By Jim Schutze
By Rachel Watts
By Lauren Drewes Daniels
By Anna Merlan
By Lee Escobedo
By Eric Nicholson
First, a little mundane personal anecdote: Buzz's home was broken into a couple of weeks ago. Mrs. Buzz called 911, and the person who answered pleasantly explained that no officer would be dispatched. The incident would be handled on the phone.
So what, you say? Virtually everyone has a story like that, or knows someone who does. There's never a cop around when you need one. That's a sad truism, but after talking to Gregg Weiner, Buzz says, "Thank God."
Weiner owns The Slip Inn on McMillan Avenue, and he says he's had plenty of face time with the police lately--now he wants them to go away. Weiner claims that one Dallas sergeant has been paying his bar regular visits, shouting at Weiner and his customers and threatening to shut down the business. The harassment began 17 months ago, he says, when the cop came by the bar after legal drinking hours and saw Weiner with a drink. It was plain cranberry juice, and Weiner told the cop he could taste or test it. The cop told Weiner that if he demanded a test, he'd be hauled to jail for disorderly conduct. Weiner--smart man--took his ticket, which was later dismissed. Nevertheless the hassling continued in various forms, Weiner claims, until late January, when several Dallas police officers and agents from the Texas Alcoholic Beverage Commission, the fire marshal's office and health inspectors inspected the bar. His customers were ushered out, and the bar was searched, leading to three tickets: for unlawful dancing, for having 133 people--including eight staff and two undercover cops--in a business with a legal occupancy of 110, and for having too many beer bottle caps and straw wrappers on the floor behind the bar on a busy Saturday night.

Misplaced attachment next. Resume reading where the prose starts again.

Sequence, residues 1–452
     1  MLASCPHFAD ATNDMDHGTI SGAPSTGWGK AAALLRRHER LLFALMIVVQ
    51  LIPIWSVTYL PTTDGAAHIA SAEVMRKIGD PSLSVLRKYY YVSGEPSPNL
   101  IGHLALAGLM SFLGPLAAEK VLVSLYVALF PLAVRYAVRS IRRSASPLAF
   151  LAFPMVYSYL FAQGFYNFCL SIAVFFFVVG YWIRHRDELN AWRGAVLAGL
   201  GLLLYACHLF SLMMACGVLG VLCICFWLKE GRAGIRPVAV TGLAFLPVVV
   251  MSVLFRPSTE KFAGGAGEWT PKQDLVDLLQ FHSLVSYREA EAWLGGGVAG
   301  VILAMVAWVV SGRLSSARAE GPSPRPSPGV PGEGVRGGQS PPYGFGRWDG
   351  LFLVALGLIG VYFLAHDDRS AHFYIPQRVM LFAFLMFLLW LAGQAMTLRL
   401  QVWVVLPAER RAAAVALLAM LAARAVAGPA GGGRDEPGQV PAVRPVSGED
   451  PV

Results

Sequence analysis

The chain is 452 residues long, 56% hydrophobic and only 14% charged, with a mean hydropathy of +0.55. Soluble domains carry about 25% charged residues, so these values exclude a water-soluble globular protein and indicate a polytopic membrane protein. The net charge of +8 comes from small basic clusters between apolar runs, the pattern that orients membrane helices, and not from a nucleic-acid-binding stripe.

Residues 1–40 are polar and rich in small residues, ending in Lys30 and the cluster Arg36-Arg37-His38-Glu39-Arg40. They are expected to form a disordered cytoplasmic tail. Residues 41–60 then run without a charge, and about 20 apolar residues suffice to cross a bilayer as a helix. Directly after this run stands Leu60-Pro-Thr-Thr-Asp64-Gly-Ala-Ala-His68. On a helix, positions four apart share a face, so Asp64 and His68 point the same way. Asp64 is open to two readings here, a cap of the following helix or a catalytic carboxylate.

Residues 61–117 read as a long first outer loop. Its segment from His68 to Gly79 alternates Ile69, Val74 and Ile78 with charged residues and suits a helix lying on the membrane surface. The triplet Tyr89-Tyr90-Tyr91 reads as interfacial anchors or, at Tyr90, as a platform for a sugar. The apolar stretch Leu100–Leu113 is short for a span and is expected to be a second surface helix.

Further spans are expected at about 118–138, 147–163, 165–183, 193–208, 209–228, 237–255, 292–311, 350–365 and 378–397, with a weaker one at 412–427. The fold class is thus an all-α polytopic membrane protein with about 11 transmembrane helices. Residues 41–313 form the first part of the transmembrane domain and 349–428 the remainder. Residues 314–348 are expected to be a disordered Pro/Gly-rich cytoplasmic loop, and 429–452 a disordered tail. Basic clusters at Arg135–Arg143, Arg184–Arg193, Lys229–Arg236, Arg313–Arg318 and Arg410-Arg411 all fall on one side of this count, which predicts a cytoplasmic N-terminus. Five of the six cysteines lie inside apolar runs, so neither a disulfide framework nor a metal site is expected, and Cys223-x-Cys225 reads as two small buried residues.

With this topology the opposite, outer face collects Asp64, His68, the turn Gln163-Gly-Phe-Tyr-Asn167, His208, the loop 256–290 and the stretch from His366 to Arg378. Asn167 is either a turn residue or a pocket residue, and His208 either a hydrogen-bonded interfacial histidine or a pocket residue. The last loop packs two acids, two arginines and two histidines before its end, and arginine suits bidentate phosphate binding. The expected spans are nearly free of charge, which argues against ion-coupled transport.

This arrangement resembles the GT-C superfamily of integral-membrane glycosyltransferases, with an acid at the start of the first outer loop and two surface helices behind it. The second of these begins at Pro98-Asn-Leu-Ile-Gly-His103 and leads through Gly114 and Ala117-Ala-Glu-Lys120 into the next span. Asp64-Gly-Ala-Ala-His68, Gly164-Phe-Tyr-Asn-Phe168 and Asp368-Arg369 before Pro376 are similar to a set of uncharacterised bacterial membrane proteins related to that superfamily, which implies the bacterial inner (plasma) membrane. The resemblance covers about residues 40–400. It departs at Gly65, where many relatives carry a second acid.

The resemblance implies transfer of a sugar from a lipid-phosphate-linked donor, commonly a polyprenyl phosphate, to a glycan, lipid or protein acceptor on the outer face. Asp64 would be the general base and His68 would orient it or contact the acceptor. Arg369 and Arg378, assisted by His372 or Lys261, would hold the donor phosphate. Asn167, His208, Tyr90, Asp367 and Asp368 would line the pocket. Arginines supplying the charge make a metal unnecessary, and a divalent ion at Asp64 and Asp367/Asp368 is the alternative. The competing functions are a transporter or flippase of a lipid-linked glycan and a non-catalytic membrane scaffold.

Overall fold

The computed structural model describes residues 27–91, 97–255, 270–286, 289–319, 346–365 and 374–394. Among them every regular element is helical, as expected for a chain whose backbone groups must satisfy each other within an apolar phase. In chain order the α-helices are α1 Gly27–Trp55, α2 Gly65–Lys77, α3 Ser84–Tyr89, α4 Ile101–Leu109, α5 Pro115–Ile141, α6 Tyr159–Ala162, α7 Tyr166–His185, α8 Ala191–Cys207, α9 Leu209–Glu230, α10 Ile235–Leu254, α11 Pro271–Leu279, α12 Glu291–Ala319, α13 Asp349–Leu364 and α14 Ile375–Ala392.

Here's the topper--Weiner says one of his customers was mugged walking home after the raid. When the customer returned to the bar to tell the cops there, they told him they were busy on a call, and he'd have to phone 911. The mugging victim used a phone in a neighboring grocery store to report the robbery. No word on whether a cop showed up to take that report.
Weiner had had enough, so he arranged a meeting with Deputy Chiefs Daniel Garcia and Brian Harvey and threatened to file an internal affairs complaint. The upshot of the meeting can be summed up this way: Just because you're paranoid, that doesn't mean they're not out to get you. Just don't take it personally.
Chief Harvey told Buzz that The Slip Inn was one of six bars in the area inspected that night, and his Central Division plans to inspect all of them in the coming weeks as part of a drive to reduce crime. The Slip Inn has had calls for drunkeness and other problems in the past, Harvey said, but the decision to inspect it in January was made by a lieutenant, not by the sergeant Weiner is complaining about.
"We have an obligation to be professional in our dealings with people," Harvey said. He knows the sergeant involved and said Weiner's description seems out of character, but in any case, "We shouldn't be threatening to shut anybody down." It comes down to a swearing match between the officer and Weiner, and Weiner's complaints will be handled internally.
The sergeant, Weiner says, showed up at the bar after his meeting with the chief to clear up any misunderstanding, but "his apology pissed me off more than anything." Weiner wasn't there, but the cop told one of his bartenders that he thought the bar was much seedier than it is and didn't realize it had such a classy clientele.